6 skinheads convicted in park attack

Spokane Spokesman Review/November 4, 2001

Billings -- Six men associated with a Billings skinhead group may be facing long prison terms after a federal jury convicted them Friday night of conspiring to violate the rights of minority people in a city park attack last year.

The six, all in their 20s, participated in a "park patrol," an armed sweep through Pioneer Park that forced three black and Hispanic people to flee a picnic.

The U.S. District Court jury of seven men and five women returned the verdicts at 10:15 p.m., six hours after receiving the case.

Pronounced guilty on all counts were Sean Allen, 29; Eric Dixon, 23; Jeremiah Skidmore, 24; Jason Potter, 27; Ryan Flaherty, 24; and Michael Flom, 25.

A grand jury indictment charged them with conspiring to violate the civil rights of racial and religious minorities. All but Skidmore also were charged with three counts of violating the federally protected civil rights of racial and religious minorities. Each crime carries a maximum penalty of 10 years in prison and a $250,000 fine.

U.S. District Judge Richard Cebull set sentencing for Feb. 8.

Mark Blumberg, a prosecutor for the U.S. Justice Department's Civil Rights Division, played a tape recording of a 911 call received by Billings law enforcement agencies on July 29, 2000.

On the tape, a terrified Jason Clark reported that he, his girlfriend and his cousin were accosted and chased by a band of armed skinheads while they were sitting at a picnic table in Pioneer Park. Clark, who is black and Hispanic, testified last week that the attackers chased them, shouted racial insults and proclaimed that the park belonged to them.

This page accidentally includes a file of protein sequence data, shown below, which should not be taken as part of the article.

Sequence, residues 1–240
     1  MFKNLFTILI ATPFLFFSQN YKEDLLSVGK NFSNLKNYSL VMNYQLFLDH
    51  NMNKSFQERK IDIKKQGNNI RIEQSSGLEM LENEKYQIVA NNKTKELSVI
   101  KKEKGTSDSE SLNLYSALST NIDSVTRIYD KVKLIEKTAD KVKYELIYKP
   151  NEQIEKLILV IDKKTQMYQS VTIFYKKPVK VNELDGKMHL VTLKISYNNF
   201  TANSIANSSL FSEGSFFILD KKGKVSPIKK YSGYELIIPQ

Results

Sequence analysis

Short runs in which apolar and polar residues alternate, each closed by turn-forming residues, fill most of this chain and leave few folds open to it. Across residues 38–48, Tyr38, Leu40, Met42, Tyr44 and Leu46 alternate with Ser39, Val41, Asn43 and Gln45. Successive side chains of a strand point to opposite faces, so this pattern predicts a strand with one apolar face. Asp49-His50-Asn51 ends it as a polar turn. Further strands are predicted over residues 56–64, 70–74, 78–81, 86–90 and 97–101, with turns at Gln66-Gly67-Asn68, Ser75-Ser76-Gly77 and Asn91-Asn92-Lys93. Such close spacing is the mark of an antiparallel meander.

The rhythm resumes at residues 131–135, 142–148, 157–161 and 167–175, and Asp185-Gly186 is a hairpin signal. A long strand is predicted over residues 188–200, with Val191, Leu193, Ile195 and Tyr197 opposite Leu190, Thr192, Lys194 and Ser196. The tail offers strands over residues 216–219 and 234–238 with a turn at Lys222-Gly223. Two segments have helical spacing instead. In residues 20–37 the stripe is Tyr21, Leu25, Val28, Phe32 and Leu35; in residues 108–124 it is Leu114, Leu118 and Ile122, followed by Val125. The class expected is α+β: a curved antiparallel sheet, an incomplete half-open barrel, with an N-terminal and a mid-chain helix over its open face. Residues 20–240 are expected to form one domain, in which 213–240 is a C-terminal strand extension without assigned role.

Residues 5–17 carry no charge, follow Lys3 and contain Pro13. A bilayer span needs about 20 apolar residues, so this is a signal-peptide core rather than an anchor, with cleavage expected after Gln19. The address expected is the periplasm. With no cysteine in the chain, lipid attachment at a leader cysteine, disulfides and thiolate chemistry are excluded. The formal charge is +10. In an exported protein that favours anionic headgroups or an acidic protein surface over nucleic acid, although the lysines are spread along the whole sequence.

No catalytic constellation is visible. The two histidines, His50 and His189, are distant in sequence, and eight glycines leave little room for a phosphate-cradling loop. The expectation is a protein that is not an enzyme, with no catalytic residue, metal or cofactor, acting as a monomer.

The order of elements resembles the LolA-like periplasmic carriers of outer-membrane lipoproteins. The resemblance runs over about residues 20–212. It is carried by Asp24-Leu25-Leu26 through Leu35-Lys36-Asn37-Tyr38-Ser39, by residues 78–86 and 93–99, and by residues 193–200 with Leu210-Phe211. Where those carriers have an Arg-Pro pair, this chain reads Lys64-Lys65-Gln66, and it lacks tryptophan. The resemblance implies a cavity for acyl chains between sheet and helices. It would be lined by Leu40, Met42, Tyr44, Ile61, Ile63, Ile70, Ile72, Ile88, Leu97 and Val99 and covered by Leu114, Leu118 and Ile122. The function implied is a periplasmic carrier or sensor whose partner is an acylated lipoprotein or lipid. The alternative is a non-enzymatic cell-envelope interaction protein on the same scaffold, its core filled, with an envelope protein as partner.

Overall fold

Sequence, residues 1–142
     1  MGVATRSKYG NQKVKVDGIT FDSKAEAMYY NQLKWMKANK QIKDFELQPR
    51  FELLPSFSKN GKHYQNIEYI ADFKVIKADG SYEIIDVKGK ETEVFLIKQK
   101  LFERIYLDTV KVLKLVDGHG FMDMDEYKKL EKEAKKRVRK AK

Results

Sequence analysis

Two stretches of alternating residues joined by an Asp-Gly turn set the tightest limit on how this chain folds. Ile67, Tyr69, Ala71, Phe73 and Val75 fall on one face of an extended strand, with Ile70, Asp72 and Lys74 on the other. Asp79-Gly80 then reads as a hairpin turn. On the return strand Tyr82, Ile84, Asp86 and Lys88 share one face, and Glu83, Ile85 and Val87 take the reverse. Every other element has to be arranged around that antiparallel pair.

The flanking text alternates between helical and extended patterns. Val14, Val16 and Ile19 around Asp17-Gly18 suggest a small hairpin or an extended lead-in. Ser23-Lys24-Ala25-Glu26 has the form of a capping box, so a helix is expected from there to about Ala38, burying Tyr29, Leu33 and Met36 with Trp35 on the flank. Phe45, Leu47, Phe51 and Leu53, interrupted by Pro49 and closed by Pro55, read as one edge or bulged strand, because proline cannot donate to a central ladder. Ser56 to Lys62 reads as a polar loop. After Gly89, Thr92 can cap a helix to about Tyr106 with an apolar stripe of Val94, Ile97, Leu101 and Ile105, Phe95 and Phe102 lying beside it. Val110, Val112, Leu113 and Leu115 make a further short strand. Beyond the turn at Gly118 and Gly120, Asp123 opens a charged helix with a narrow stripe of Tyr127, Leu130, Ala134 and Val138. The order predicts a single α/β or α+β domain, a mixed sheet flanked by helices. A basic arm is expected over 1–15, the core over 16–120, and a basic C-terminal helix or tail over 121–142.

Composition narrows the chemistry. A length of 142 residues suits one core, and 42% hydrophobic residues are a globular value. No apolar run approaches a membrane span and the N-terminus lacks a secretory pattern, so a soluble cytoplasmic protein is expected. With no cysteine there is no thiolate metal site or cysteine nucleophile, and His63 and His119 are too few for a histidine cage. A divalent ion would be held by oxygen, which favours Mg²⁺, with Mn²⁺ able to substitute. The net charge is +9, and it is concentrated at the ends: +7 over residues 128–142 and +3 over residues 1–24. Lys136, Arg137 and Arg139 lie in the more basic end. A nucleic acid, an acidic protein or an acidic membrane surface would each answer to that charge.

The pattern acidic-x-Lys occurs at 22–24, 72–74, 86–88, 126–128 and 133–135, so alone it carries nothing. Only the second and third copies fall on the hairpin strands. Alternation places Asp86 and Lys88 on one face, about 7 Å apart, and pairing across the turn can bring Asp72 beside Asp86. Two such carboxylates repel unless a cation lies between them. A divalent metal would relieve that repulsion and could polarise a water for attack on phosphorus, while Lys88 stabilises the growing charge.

"This isn't a trial about the First Amendment," Blumberg said. "It's not illegal to be a skinhead, and it's not illegal to hate anybody."

The government's key witnesses were Thomas Edelman and Jeremiah Johnson, both former members of the Montana Front Working Class Skinheads. Allen, Dixon and Skidmore are founding members of the group, but the three other defendants have never been members.

Johnson and Edelman played a role in planning and participating in the Pioneer Park attack, often referred to as a park patrol. Both have pleaded guilty for their involvement but have not been sentenced.

Defense attorneys attacked the credibility of Edelman and Johnson, noting that they lied to police, prosecutors and a federal grand jury.

Edelman and Johnson, who joined the skinhead group in the spring of 2000, testified that they were encouraged to attack racial minorities as a way to gain status and earn rewards within the organization. Blumberg said the conspiracy was hatched in 2000 when members decided to conduct illegal activities.

The attack in Pioneer Park, which followed a barbecue at Allen's house, was a result of that conspiracy, Blumberg said.

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